Jarlinson Pantano – quite possibly the Tour de France’s greatest-ever Jarlinson
If you’re wondering what makes an appropriate day for a breakaway, it’s on stages where drafting is of least benefit.
On the flat, air resistance is the main thing slowing you down, whereas on a mountain day, gravity and self-preservation come to the fore. When that’s the case, drafting plays less of a part.
On stage 15, the riders were either winching their way up cols or feathering their brakes on the way down, lest they plummet to their doom. It was a breakaway day.
Thirty riders went on ahead. That’s a lot.
By the finish, two had proved themselves stronger – Rafal Majka, whose efforts had already taken him into the lead in the King of the Mountains competition, and Jarlinson Pantano, yet another of the many Colombians who pepper the peloton.
The flat finish – about the only bit of flat all day – allowed for a few shenanigans between the two. With three Tour de France stage victories to his name, Majka has a bit more nous and a bit more nerve and he coolly manoeuvred Pantano in front to lead out the sprint. Unfortunately for him, what he didn’t have was more energy.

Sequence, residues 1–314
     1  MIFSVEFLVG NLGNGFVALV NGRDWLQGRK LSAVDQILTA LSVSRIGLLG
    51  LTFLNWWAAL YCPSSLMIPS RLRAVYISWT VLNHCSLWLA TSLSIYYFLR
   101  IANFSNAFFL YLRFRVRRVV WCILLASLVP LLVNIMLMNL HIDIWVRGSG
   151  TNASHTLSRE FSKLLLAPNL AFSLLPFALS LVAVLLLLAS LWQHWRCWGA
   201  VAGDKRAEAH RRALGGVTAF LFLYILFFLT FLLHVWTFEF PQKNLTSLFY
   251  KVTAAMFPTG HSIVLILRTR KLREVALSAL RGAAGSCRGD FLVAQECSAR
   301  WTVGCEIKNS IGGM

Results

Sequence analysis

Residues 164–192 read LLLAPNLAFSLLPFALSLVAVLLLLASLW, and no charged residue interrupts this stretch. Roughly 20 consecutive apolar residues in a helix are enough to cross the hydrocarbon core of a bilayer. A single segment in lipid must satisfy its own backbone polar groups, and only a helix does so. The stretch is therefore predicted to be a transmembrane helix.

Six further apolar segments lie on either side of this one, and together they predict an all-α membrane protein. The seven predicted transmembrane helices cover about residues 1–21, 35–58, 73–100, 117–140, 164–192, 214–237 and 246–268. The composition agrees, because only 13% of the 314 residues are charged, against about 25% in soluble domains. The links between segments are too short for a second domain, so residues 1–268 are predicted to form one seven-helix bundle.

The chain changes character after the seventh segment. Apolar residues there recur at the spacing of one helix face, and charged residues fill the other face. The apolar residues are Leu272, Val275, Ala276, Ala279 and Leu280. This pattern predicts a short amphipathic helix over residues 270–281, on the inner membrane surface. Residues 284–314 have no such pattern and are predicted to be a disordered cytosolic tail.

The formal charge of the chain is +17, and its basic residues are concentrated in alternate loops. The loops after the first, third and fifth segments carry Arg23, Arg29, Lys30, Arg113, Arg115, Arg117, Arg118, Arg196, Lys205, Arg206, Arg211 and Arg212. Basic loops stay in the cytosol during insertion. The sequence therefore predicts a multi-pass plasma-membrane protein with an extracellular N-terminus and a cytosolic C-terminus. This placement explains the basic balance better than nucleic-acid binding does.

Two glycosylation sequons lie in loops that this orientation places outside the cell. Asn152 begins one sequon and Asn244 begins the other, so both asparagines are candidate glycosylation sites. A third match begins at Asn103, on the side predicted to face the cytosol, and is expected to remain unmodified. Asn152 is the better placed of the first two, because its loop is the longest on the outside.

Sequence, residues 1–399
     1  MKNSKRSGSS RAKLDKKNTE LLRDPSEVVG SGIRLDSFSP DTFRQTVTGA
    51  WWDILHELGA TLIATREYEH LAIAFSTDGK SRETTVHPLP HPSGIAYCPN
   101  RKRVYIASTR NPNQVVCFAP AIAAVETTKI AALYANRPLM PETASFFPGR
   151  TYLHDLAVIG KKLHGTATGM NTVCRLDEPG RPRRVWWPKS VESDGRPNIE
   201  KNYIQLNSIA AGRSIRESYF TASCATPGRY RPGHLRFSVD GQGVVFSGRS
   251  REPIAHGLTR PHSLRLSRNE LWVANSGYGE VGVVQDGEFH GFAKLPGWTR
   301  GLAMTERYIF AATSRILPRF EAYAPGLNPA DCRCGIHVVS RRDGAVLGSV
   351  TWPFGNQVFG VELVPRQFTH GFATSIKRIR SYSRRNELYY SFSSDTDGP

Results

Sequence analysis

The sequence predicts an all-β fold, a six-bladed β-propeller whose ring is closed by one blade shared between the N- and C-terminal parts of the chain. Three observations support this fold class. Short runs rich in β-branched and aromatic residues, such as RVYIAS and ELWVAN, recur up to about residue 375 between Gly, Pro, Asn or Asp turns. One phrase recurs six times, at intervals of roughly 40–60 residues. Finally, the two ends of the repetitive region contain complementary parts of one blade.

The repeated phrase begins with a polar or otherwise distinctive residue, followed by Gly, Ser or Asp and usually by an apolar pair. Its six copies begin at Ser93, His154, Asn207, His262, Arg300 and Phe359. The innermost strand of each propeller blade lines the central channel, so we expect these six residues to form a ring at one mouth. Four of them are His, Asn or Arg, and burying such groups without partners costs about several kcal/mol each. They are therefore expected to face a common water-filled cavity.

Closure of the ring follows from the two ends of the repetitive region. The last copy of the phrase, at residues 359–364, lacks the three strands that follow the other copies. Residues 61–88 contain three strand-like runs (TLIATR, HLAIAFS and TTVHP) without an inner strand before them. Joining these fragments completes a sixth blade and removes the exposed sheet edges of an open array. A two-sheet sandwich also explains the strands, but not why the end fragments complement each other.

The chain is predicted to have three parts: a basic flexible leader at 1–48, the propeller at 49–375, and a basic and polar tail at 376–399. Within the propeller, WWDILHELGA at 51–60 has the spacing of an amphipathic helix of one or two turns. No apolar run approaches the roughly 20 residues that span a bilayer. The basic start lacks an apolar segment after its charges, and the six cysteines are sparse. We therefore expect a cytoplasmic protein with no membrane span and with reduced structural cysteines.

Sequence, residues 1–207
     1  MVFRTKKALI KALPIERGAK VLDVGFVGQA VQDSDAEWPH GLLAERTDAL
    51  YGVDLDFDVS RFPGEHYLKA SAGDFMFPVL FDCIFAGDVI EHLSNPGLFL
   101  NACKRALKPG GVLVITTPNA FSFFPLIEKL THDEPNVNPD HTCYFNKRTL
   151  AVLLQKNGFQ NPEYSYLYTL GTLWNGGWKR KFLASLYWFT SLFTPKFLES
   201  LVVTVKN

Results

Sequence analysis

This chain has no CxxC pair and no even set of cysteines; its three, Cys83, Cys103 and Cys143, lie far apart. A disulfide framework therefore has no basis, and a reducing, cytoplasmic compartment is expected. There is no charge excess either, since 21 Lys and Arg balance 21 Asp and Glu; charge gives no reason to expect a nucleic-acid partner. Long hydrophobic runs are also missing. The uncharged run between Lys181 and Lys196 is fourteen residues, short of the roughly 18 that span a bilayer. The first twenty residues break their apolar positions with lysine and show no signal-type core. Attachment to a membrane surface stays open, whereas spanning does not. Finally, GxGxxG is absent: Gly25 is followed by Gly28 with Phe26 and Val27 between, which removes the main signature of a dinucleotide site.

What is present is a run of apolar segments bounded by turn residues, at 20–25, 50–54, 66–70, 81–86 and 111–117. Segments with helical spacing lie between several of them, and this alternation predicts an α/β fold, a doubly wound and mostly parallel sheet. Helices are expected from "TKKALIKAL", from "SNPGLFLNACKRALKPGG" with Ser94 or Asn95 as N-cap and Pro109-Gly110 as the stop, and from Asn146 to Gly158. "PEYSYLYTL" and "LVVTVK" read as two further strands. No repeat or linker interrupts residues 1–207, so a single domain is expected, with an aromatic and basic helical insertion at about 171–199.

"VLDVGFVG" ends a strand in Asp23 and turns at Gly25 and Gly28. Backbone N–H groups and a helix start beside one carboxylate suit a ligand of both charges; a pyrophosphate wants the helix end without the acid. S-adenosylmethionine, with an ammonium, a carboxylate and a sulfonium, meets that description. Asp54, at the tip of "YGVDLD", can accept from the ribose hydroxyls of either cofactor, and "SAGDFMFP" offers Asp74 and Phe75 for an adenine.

I haven’t checked, but this was almost certainly the first Tour de France stage victory for a man called Jarlinson.
The general classification contest behind
Didn’t really happen. There were a few attacks, but nothing that stuck. All that really happened was that the relentless sloggery saw Tejay Van Garderen living up to my expectations by failing to stay with the favourites. The American slides down the general classification after losing a minute and a bit.
Stages 17-20 are tough, Tour-deciding mountain affairs. Before that, we have this. I don’t know if it’s a bad translation, but the organisers say of it, “the hill they’ll have to climb in the urban final of the stage could prevent the biggest babies from fighting for victory.”
Presumably the biggest babies are the heftier sprinters. The categorised climb’s nothing really worth mentioning, so I’m presuming the hill in question is the 600m long, 6.5% rise leading up to the final kilometre. That doesn’t sound like much either though in all honesty.
Delicacies of this region include comté, a cheese. In truth, every inch of France has its own individual cheese. Here it’s comté.